Ecogenomics of genome-streamlined freshwater methylotrophs
Project leader: Michaela Salcher
The most abundant planktonic microbes have reduced genomes and streamlining theory predicts that gene loss is caused by evolutionary selection driven by environmental factors. Yet the evolutionary path of streamlining remains unknown because of obstacles in establishing axenic cultures of such microbes. We developed a targeted isolation technique for abundant genome-streamlined freshwater methylotrophs: ‘Ca. Methylopumilus planktonicus’ (Betaproteobacteria, 1.3 Mbp genome size), that are ideal model organisms for studying microdiversification patterns and the evolution of genome-streamlining per se. The closest relatives of ‘Ca. M. planktonicus’ inhabit lake sediments and the pelagial of oceans, and we propose that the evolutionary origin of the family can be traced back to sediment microbes with medium-sized genomes. Whole genome sequencing of 150 strains and deep sequencing of metagenomes will allow comparative population genomics with the aim to disentangle the underlying ecological reasons for the widespread but yet enigmatic phenomenon of genomestreamlining in aquatic microbes.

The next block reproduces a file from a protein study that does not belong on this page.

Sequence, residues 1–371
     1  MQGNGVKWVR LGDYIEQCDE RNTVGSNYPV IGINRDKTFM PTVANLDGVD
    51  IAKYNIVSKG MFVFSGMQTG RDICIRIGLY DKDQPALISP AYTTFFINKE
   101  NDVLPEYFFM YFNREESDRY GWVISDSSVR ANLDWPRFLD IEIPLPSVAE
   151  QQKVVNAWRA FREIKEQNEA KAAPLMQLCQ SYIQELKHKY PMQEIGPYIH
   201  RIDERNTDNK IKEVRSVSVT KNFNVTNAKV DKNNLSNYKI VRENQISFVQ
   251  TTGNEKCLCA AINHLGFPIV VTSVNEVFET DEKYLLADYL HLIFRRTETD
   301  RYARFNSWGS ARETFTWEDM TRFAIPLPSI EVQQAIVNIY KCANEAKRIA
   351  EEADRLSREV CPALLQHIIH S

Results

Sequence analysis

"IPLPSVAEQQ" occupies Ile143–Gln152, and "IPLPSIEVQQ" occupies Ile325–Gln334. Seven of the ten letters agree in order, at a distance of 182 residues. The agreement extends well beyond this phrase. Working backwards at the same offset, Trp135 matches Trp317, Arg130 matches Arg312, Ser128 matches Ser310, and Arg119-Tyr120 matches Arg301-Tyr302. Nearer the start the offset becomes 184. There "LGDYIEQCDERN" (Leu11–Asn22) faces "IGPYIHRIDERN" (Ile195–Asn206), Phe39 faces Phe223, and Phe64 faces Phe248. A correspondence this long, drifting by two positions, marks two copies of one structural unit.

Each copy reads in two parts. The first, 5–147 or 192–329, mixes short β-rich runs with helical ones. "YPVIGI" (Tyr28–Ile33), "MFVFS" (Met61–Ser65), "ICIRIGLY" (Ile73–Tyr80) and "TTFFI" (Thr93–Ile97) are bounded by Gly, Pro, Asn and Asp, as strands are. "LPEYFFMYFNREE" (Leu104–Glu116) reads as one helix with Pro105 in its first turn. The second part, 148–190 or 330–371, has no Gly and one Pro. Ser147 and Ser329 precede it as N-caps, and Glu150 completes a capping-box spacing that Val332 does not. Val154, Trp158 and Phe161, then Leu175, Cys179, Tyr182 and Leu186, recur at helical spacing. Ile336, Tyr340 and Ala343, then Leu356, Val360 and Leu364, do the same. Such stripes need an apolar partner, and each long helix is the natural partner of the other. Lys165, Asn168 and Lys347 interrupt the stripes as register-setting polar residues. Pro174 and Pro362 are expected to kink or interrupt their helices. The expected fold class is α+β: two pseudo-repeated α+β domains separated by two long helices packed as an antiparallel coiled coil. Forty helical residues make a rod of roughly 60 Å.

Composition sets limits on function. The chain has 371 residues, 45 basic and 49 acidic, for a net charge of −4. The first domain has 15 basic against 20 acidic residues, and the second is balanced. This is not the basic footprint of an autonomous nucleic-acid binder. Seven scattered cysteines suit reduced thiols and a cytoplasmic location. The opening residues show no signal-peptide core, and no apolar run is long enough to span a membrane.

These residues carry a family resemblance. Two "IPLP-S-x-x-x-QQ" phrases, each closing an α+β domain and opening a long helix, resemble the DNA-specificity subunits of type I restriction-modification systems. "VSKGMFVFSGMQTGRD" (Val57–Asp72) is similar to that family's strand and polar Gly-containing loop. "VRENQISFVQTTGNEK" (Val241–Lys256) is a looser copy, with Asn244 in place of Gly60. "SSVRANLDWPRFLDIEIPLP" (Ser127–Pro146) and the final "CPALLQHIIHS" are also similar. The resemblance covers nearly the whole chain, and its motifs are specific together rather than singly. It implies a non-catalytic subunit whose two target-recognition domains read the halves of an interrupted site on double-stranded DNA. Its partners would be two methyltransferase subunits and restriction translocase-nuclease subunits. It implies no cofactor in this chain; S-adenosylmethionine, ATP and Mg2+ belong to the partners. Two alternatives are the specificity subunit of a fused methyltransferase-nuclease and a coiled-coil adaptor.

The aim of the project is using targeted isolation and whole-genome-sequencing of oligotrophic freshwater ‘Ca. Methylopumilus planktonicus’ (Betaproteobacteria) together with metagenomics to study the evolution of genome-streamlining in planktonic microbes. Identifying microdiversification patterns in closely related taxa.
Financial support: Czech Science Foundation; Project No.: 19-23469S, duration: 2019 - 2021